Part of health communication is working with unexpected, non-traditional partners to share health messages in innovative and engaging ways. The “Outbreak: Epidemics in a Connected World” exhibit at the Smithsonian National Museum of Natural History is just that. This novel exhibit communicates about infectious disease outbreaks to the public using interactive multimedia and gamification.
“An outbreak anywhere is a threat everywhere."
The 4,250 square foot exhibit is centered on the theme One World, One Health and is designed to highlight the interconnection of human health, environmental health, and animal health. This theme aligns with the One Health approach used by the CDC. This approach involves working not only with physicians, but also veterinarians and ecologists, and others to better understand how diseases spread among people, animals, and the environment and to track and control threats to public health.
The exhibit’s opening video gets at the importance of One Health, making a harrowing statement: “An outbreak anywhere is a threat everywhere.” What could be a daunting and overwhelming experience, however, is not. The design, content and flow of the exhibit work together to engage, inspire, and empower visitors around health. There’s an excellent balance of science, data, facts and fun throughout the exhibit. This balance is not coincidental; it’s intentional. The exhibit was expertly designed down to the colors, action items and arrows to counteract doom and despair.
The curator of the exhibit, Sabrina Sholts; content expert, Daniel Lucey; chief science adviser, Jonathan Epstein; and their team spent a total of three years developing this exhibit. Starting in 2014, the team held several round tables and were meeting almost daily to flush out the mission statement, goals, learning objectives, and messages for the exhibit.
Once the conceptual framework was complete in 2015, the project manager, writers, graphic designers, and architect worked to develop the content and bring it to life. The team also included an educator, who served as an advocate for the visitor experience and reviewed the content through that lens. With the content and materials done in 2017, the exhibit was set up and opened to the public on May 18, 2018.
The exhibit showcases what countries are doing globally to protect health, and provides visitors tips about what they, as individuals, can do in their day-to-day lives to protect themselves and their loved ones.
Visitors are taken on a journey.
The exhibit employs a very engaging, visitor-centric spatial and experiential design. The refined lighting moves visitor’s attention to key points of the exhibit, and matches the mood and focus of the exhibit: serious and scary, while empowering and hopeful.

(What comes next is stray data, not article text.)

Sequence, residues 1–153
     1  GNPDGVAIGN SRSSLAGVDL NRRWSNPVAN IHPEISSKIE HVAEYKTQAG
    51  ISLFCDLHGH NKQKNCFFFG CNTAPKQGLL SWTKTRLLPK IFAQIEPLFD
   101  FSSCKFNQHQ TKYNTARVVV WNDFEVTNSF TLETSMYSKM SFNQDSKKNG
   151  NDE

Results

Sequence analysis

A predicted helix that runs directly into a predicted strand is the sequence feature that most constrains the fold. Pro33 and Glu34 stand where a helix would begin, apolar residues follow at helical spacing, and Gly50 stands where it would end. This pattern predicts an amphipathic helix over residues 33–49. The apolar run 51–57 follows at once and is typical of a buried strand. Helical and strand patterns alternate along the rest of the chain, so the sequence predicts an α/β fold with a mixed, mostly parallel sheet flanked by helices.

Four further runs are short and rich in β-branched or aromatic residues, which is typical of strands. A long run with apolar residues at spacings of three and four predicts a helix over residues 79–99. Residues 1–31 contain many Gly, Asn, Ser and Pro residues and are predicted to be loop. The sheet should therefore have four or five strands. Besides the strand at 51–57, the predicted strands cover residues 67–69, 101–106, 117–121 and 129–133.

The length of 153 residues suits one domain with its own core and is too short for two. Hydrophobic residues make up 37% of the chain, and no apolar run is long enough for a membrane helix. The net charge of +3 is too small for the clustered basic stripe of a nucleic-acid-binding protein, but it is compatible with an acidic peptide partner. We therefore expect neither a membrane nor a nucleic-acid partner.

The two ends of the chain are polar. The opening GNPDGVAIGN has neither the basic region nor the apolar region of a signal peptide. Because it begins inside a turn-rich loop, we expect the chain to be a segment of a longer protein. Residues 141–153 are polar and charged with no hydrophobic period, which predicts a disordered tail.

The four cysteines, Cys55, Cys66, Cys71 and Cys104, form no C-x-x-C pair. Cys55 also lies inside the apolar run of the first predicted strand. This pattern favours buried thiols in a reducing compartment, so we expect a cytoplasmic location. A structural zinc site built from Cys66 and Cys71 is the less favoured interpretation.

Each section of the exhibit is a chapter in a novel. There are reconstructions of specific events, conditions, environments that allow visitors to experience and emotionally connect to what they are reading and hearing about regarding disease outbreaks.
The mixed multimedia components, including large format graphics, floor to ceiling video screens, 3D models and virtual interactive activities entertain and educate visitors simultaneously.
Visitors can hold and touch models of different pathogens. They can also take on the role of disease detective in an interactive computer game.
Trained volunteers are available to guide and assist visitors through these activities, and to answer questions as visitors make their way through the exhibit. These volunteers complete online modules, attend face-to-face sessions with One Health experts, and learn inquiry-based learning approaches so they are able to facilitate visitors taking an active learning role throughout the exhibit.
The exhibit doesn’t have to end when visitors leave the Smithsonian National Museum of Natural History. There’s Outbreak DIY, an initiative which includes a condensed, downloadable version of the exhibit, along with communication assets and a toolkit, so anyone in the world can set up an outbreak exhibit. The materials have been requested in over 30 countries (as of May 2018). There was a local DIY Outbreak exhibit in the Russell Senate Office Building Rotunda in Washington, DC on October 1-5, 2018, and universities across the United States are using DIY materials.
The exhibit is a great example of how public health organizations and institutions can engage people around public health issues. Though the exhibit is now closed, the digital version of the exhibit is still available. There is also a virtual tour of the exhibit available.
Visit the exhibit to see for yourself. If you’ve visited already, tell us what you think in the comments below.
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